Determining reading rate is a simple and effective way to measure word recognition automaticity.  However, I need to point out that directing students to read faster is NOT the way to teach automaticity.   When students are directed to read faster and faster they lose sight of what reading is all about – making meaning.   We want students to improve their automaticity (and speed) the way that you who are reading this developed your own automaticity and speed – through lots of authentic and engaging reading,   The more we read, the more automatic we become at recognizing words, and our comprehension and reading speed will naturally increase.

Word recognition accuracy and automaticity are critical for reading success.    And being critical, we need to monitor students’ development of these key competencies.  In my next blog, I will discuss assessing one last component of reading fluency – prosody.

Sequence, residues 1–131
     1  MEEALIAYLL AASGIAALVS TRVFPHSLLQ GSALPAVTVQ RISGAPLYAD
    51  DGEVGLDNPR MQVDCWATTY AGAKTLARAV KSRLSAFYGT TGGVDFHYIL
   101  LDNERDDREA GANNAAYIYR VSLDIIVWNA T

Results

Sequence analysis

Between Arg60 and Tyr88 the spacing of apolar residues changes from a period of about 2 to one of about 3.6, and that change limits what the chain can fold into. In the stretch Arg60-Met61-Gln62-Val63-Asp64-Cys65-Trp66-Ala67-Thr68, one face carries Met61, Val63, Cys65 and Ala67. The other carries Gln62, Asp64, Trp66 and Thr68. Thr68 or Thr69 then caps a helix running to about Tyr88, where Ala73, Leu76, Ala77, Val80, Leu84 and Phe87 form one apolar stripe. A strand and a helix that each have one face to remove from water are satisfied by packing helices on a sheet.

reading fluencyDr. Rasinski is a professor of literacy education at Kent State University and director of its award winning reading clinic. He has written over 200 articles and has authored , co-authored or edited over 50 books or curriculum programs on reading education. He is the author of several bestselling books on reading fluency. His research on reading has been cited by the National reading Panel and has been published in many high profile journals.

Wait, What? You Wanted Me To Do What? The Importance of Visible Thinking Routines For Student Clarity

By Billy Spicer – guest blogger